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Does this make me a non chow now?

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I have to admit something to you all. It's not easy. But here goes.

I made an amazing dessert by tweaking a recipe from RR's mag. Yes. I did. Me, maisonbistro. I bow my head in shame - yet reaped huge amounts of praise. Kudos from food afficionados no less.

In the latest issue, she has some desserts that don't require baking. The very first one got my attention, as it sounded like, with some tweaking, it could bring me close to dessert nirvana - hungarian ludlab (the recipe of which seems to be a very closely guarded national secret).

So, I omitted the peanut butter from the recipe, omitted the crust and the peanuts, and simply lined a bread pan with cling film, put down a layer of thawed sour cherries sprinkled with a little sugar, and then made the chocolate filling following the directions (melted choc (caillebot disks that I had bought to make the NYT cc cookies) with butter, egg yolks whipped over a bain marie, whipped cream. I also didn't add the layer of chocolate melted with butter and corn syrup to form the crust.

I chilled it for the day, unmolded, and voila - the raves just kept coming.

I am close to creating a ludlab. Vewy vewy close. And if this is as close as I ever get, I will be ok with it.

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  1. Truth be told, I made some spare-ribs from the RR mag (I read it in the Dr.'s waiting room and wrote it on the back of a receipt) and they were really good.

    So, hold your head up high, you are still a Chowhound and so am I. We both know a good recipe when we see one, regardless of where we may find it.

    Cheers!

    1. it sounds as if you tweaked that a LOT :)
      but I agree with EliAnnKat - nothing wrong with recognizing a good (or tweak-able) recipe. She has millions of them. Some of them have to be good.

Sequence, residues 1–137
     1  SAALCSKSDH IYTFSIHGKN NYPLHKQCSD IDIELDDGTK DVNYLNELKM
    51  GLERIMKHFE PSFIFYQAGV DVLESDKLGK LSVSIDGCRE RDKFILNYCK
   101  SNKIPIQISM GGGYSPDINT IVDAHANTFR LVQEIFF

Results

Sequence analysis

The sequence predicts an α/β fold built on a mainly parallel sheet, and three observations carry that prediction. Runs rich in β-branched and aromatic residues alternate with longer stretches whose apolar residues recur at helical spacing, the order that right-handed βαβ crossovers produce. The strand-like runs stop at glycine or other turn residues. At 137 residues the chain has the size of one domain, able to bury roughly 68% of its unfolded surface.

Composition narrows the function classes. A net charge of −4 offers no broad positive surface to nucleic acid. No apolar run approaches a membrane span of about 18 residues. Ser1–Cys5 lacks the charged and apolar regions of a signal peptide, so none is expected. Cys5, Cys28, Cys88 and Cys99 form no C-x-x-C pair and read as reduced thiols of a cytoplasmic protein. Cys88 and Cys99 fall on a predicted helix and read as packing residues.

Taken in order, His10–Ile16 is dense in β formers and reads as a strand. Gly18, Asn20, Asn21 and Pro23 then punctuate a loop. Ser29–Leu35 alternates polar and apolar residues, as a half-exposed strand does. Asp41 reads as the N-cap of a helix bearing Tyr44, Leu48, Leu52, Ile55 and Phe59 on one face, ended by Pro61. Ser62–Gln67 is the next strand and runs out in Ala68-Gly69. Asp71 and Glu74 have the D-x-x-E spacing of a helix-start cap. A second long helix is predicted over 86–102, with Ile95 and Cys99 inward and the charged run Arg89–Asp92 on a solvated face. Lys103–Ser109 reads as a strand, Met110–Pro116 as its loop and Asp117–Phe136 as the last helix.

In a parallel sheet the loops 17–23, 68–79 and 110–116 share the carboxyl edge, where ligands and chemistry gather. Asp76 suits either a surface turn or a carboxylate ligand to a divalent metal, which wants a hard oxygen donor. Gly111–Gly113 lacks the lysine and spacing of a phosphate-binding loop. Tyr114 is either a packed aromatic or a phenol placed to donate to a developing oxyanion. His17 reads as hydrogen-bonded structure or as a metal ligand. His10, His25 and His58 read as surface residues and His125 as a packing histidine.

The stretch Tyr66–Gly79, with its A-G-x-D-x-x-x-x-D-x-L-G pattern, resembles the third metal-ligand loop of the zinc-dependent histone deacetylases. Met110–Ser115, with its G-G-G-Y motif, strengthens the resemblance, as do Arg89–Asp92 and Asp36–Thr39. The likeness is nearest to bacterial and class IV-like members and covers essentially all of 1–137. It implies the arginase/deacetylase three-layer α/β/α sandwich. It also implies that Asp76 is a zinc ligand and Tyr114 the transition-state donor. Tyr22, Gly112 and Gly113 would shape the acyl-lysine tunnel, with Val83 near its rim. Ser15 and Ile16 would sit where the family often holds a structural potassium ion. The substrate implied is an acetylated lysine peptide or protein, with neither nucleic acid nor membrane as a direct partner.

1. Then perhaps I should confess, too. I saw Emeril making this on TV. He called it Chicken Normandy. It looked fantastic: chicken with bacon, apples, cream, and cider! (And I also admired Emeril's courage because he came out with it in 2002, when France-bashing in the US was at its worst. Thank god those dark days are over and this recipe is still as delicious as ever!)

        http://www.foodnetwork.com/recipes/em...

        2 Replies
        1. re: pilinut

          My mother is a huge fan of Emeril. She would keep track of the recipes she liked and then ask me to make for her (she's 88 and I do most of the cooking for her). Truth be told? 85% or more of Emeril's recipes worked extremely well. Very few of his recipes were real duds or just simply didn't work. The Chicken Normandy dish was on her list but I never got around to it. Sounds like I should once cooler weather returns.

          The DD
          http://www.astrofood.net
          http://thediningdiva.typepad.com

          1. re: pilinut

            Thanks for the link to that recipe! Sounds like a great cold weather dish to me... Would also be great with pork chops!

          2. I think the question is: why did you have the RR magazine to begin with? ;)

            And I agree with the previous posters - nothing wrong with using/tweaking a recipe from any source, as long as it's good!

            1. Anyone can make a mistake once in a while.

              .... which means, yeah, Rachael can actually come up with something delicious every blue moon.

              Not your fault, MB. Rach just faulted on the delectible side of the Force for once. :-)

              1. Oh, hilarious. You know, I'm sure that sometime in her manic life, RR has made edible food. She even used to have some workable ideas for harried 9-5 types, back before her smile got frightening and she became super cutesy. Now she makes me nervous, and I've not looked at her magazine, even while bored in the checkout line.
                No harm, no foul, and you're still chowish in my book.